Sarah Mary Chadwick's 'Please Daddy': Song You Need to Know - Rolling Stone
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Song You Need to Know: Sarah Mary Chadwick’s Devastating ‘Please Daddy’

The New Zealand artist grieves for her father gorgeously on an elegy from her upcoming LP, also titled ‘Please Daddy’

Sarah Mary Chadwick’s voice has always sounded devastating — her sparse “Confetti” was one of the most moving songs of the year — and that voice sounds like it’s on the verge of breaking apart throughout “Please Daddy,” an elegy for her late father. The New Zealand–born, Melbourne-based artist can barely form the word “please” toward the end of the song, as she tries to make sense of death.

Although she built the tune from a slow-rolling piano line, gentle trumpet and flute lines, and a vocal line that seems to ascend to the heavens, “Please Daddy” may be Chadwick’s most distressing work to date. She sings each verse to her mother, telling her, “nothing stirs me,” “nothing’s bringing color to my cheeks.” By the time she reaches the center of the song, she contemplates killing herself — “All the ones who died while trying/Should I follow their lead and be done, daddy?” — and she lists artists who died by suicide: Anne Sexton, Elliott Smith, Sylvia Plath. But by the next verse, she has a change of heart and gives up on ending herself.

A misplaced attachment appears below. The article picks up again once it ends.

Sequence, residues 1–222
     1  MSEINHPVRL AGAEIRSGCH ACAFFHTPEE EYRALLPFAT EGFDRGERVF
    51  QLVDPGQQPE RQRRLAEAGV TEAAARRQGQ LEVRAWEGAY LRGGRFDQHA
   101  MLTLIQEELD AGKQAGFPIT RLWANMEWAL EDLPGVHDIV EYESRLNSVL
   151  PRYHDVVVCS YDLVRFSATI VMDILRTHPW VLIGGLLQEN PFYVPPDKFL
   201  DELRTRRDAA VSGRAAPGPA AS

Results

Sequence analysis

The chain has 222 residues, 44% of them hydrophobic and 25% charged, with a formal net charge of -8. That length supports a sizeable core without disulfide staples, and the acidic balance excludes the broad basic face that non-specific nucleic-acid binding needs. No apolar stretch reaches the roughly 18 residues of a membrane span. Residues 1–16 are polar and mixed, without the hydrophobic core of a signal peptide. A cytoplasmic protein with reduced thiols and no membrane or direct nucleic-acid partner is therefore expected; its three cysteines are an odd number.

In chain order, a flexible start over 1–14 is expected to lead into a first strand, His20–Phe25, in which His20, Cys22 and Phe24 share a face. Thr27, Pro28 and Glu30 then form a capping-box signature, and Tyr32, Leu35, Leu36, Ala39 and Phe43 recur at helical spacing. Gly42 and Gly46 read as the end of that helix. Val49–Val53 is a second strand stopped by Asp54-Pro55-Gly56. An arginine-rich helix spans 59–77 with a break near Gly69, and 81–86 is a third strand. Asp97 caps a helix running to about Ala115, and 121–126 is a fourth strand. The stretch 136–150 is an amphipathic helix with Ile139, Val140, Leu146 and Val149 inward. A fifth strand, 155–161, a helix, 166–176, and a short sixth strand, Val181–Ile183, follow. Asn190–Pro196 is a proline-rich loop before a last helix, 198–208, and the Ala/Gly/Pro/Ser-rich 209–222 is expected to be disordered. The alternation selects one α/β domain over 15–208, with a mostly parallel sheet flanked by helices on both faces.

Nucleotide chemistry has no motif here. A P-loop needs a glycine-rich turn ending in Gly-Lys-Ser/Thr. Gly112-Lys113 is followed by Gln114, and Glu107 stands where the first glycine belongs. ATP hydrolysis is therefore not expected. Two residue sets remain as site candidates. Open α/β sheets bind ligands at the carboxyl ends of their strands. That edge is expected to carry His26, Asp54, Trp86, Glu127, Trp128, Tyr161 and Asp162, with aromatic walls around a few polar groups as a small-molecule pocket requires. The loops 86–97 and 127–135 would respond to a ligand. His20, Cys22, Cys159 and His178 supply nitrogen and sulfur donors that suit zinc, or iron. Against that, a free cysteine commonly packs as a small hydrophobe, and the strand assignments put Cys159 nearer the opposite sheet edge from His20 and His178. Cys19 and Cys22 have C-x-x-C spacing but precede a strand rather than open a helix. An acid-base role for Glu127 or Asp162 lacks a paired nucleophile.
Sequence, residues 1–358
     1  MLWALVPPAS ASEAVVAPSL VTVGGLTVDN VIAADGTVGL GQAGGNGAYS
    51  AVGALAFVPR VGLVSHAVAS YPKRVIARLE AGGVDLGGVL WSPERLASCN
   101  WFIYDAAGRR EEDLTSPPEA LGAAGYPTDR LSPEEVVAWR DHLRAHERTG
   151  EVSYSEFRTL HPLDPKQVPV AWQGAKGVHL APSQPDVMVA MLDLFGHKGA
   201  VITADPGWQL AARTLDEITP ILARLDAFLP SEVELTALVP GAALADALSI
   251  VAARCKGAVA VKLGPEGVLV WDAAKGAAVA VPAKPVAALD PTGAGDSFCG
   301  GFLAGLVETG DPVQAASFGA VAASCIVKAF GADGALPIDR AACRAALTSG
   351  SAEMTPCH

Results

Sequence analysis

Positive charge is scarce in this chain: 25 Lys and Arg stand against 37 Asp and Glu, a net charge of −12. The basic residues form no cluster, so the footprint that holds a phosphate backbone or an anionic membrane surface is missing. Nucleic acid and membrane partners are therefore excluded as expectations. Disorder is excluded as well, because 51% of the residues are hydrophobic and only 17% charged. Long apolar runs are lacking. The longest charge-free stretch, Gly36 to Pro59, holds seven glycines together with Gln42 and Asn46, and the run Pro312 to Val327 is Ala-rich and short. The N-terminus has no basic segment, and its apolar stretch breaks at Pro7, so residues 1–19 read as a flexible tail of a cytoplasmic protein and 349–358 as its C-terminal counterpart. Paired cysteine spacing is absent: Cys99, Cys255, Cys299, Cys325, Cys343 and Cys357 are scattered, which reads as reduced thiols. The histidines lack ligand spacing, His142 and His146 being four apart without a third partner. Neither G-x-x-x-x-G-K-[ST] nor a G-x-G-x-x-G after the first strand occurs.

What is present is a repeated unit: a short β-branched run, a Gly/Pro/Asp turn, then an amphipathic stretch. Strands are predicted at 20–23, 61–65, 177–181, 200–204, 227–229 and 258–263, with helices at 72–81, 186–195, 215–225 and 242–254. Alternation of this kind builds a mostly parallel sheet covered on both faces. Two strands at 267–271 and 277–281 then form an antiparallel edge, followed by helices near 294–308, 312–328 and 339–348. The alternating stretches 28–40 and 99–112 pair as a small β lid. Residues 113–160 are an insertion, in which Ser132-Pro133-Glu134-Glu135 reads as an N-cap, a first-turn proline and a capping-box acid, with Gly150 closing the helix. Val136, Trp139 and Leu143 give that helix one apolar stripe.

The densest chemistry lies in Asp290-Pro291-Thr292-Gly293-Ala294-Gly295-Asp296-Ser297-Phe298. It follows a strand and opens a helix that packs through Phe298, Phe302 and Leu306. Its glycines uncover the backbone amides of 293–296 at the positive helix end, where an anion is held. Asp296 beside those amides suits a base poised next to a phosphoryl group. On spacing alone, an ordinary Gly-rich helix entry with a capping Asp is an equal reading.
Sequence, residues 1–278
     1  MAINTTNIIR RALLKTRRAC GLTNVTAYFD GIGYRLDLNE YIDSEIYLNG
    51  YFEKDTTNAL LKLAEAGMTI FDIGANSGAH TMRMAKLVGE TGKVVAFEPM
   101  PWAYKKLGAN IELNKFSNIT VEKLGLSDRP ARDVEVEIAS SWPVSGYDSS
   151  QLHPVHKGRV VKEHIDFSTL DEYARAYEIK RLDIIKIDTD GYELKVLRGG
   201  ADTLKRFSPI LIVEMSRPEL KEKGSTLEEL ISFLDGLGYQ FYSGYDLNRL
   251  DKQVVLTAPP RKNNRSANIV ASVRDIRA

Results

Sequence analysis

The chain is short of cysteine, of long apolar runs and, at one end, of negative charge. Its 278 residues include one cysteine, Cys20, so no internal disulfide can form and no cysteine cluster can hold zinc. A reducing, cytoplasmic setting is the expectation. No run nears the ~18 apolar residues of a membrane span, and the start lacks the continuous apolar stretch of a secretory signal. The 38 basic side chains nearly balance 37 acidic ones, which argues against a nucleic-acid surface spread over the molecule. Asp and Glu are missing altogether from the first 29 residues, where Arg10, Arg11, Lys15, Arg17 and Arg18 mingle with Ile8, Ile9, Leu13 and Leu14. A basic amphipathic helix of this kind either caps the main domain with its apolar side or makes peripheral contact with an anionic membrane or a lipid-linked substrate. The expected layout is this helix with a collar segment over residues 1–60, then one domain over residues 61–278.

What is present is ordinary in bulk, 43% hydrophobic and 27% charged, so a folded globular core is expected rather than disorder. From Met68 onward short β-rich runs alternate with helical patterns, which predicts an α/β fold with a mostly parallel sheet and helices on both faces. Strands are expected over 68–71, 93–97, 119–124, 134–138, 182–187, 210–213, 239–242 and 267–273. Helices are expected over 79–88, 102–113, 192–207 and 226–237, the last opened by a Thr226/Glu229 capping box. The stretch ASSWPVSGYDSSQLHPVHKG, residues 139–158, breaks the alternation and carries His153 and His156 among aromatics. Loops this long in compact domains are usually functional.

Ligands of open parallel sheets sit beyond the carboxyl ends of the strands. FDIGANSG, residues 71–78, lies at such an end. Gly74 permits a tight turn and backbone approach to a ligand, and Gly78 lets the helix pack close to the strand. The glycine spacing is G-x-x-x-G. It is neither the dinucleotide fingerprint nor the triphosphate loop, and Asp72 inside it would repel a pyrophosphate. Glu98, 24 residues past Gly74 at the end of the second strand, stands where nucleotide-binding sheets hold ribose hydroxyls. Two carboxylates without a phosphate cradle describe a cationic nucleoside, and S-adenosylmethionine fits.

This sort of pivot is Chadwick’s secret weapon, and it’s what makes the song a keeper. That pirouette of mood spins the song in a new direction — not necessarily one of hope, but one that is not overtly destructive. And she’s able to pull it off without it sounding corny or disingenuous because of the stream-of-consciousness approach she has with the music. Where the first part of the song is deceptively jaunty, her first step toward life seems to fall apart (or relax?), as the piano part becomes almost impressionistic and understated. As she begs for solace — “Pick a magic, help me through it/Is it tragic? I’ll still do it” — the trumpet and flute swirl around her voice creating rare beauty. She’s giving in to the music, and it’s supporting her. The passiveness in the music saves her.

By the time it’s done, you’ve gone on a rare journey into grief, where passiveness is the only path toward sunlight. It doesn’t even need a chorus. It’s only the third track on Chadwick’s upcoming LP, also titled Please Daddy (her dedication on the record reads, “This is for my Dad. With belated love.”), which can only mean that the rest of the record (due out January 24th) will go even deeper. The song, is a warning, a preamble, for what will likely be one of the most heartbreaking albums of the new decade.

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